Comfort zones…the enemy of most people in the self-help world. The way some people talk about comfort zones, you’d think they were akin to the plague. I’m going to do something bold here. I’m going to talk about the beautiful importance of staying inside your comfort zone. Yes, you read that correctly.
Sobriety can suck. Like, really suck. To me, a life of sobriety has meant a lifestyle of being awake. All. The. Time. It’s fucking exhausting. I’m tired. Meditation and yoga help to an extent. Quality time with friends and family can be relaxing. Work outs release endorphins. But those solutions are all temporary. When I’m alone on the train ride home, alone in my bed, or alone with my thoughts, anxious feelings that I chose to momentarily ignore manage to get all of my attention. I’m beginning to think that life may be a series of temporary events to get me through to the next one.
I brought my blog to life by hosting a SobrieTea Party PARTY at Pure Leaf Tea House. This unique Sunday Funday gave sober folks and sober allies an alcohol-free alternative to “Boozy Brunch” or “Bottomless Mimosas”. So what does a group of New Yorkers partying sober look like? Check out this slideshow.
New York City may be one of the craziest cities in the world, but it’s also full of sober-friendly activities. This week I got to check out a cereal bar meets sneaker store meets fashion hub meets Nike museum. Yes, in NYC, all of these things can exist under one roof. At the Kith x Nike collaboration in NoHo (Broadway & Bleecker), you can check out some vintage sneakers, buy custom Nikes or high-end fashion pieces, and…eat cereal! Several different types of cereal are served in three different ways: bowl, milkshake, or ice cream. There’s also an assortment of milk options.
One of the many things I love about being sober in New York City is getting to experience fun new places like Pure Leaf TeaHouse in SoHo (on the corner of Greene & Spring). This trendy spot offers tasty tea drinks, a serene ambiance, and unique tea blends exclusive to its location.
Over the last few months, I’ve compiled a list of “notes to self” in my phone while sitting on the subway. I wrote these reminders for my own sanity. They help me calm down when I feel a spiral of self-loathing coming on. This list isn’t always pretty, but it’s grounded in a reality that I’ve learned to accept. Call them mantras. Call them affirmations. Call them maybe.
Like many rock fans, I’ve liked Audioslave’s song “Doesn’t Remind Me” since it came out in 2005. The lyrics didn’t fully resonate with me until I heard it again last fall – AKA one year sober. In the song, Chris Cornell sings about finding pleasure in mundane activities to avoid thinking about the heavier things in life. I can definitely relate. For me, a life of sobriety means being tuned into reality more than I’ve ever been before – and it sucks sometimes.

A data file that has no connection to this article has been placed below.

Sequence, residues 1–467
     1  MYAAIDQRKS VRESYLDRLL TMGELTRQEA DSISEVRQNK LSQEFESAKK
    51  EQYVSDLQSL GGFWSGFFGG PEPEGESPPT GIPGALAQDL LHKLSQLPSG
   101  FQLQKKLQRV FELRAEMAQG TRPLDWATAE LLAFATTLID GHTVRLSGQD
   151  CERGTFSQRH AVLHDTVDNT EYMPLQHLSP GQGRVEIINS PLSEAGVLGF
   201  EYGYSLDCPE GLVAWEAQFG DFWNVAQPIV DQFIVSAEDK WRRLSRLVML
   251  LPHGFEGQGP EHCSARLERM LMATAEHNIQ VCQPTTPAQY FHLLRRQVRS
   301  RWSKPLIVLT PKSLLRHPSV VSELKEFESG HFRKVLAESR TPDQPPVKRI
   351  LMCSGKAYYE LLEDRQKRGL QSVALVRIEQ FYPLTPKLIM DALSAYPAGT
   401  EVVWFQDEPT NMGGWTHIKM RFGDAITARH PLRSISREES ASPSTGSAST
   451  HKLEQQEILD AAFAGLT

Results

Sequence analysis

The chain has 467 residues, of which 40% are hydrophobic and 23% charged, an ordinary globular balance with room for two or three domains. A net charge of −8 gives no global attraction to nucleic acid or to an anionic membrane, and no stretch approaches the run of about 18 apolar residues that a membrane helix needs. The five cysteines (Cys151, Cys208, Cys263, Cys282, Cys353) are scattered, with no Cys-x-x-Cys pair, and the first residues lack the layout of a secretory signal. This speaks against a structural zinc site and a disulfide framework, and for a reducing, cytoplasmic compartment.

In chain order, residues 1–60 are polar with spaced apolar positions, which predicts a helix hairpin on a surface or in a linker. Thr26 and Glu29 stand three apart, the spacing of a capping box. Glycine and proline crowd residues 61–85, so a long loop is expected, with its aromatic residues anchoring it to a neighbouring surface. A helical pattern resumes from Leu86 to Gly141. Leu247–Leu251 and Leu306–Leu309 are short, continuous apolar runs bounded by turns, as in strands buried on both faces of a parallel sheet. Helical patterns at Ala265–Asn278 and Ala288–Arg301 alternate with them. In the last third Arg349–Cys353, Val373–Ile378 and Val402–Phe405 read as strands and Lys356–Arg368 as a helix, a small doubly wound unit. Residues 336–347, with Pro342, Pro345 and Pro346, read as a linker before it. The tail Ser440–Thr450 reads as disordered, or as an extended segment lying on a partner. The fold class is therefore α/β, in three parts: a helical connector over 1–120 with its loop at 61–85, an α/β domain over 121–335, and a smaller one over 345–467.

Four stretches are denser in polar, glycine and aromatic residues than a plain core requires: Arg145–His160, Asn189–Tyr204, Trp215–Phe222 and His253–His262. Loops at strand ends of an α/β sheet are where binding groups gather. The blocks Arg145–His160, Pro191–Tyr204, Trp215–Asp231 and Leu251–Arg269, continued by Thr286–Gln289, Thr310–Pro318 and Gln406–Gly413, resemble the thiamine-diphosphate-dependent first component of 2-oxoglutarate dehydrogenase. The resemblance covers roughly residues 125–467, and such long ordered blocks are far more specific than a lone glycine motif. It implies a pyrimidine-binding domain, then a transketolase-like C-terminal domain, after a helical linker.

I’ve been sober for 500 days, y’all! It feels surreal sometimes. There are moments when I still feel like that 20-something party girl who was dancing on bars and taking body shots off of strangers. I have moments where I ask myself, “Am I really a sober blogger?!?!”. Yes I am! And I fucking love it. While recovery has its ups and downs, I’m grateful for it every single day. These 500 days have been full of happiness, heartbreak, anger, new adventures, and personal growth. Here’s 5 of my recent favorites memories in my first 500 Days of Sobriety:
As much as I love New York City, I love getting away from it, too. A few weeks ago, I traded 30 degrees on the East Coast for 80 degrees in Mexico. I even set a sassy auto-reply for my email account: “Soaking up the sun and binge drinking virgin cocktails in Mexico.” And binge drink virgin cocktails, I did. I drank my weight in Mexican Coke and limonadas – no hangovers, no blackouts.
I started seeing a therapist in August 2016 when I was 9 months sober. I was prepared to be Goldilocks and shop around, looking for the therapist that was juuuuuust right. I lucked out and found “the one” on my first try; I’ve seen her every Wednesday ever since.
The first 9 months of my sobriety, or as I like to call it, BT (before therapy), I talked about what I was going through to anyone who was willing to listen. That was usually my therapy-advocating roommate. She listened to me, gave excellent advice, and found graciaous ways to sneak in the whole “you should see a therapist” message. I’d get annoyed, then after the 100th time, it finally sunk in. I realized that my neuroses weren’t so cute after all. I felt like Carrie Bradshaw circa season two of Sex and the City.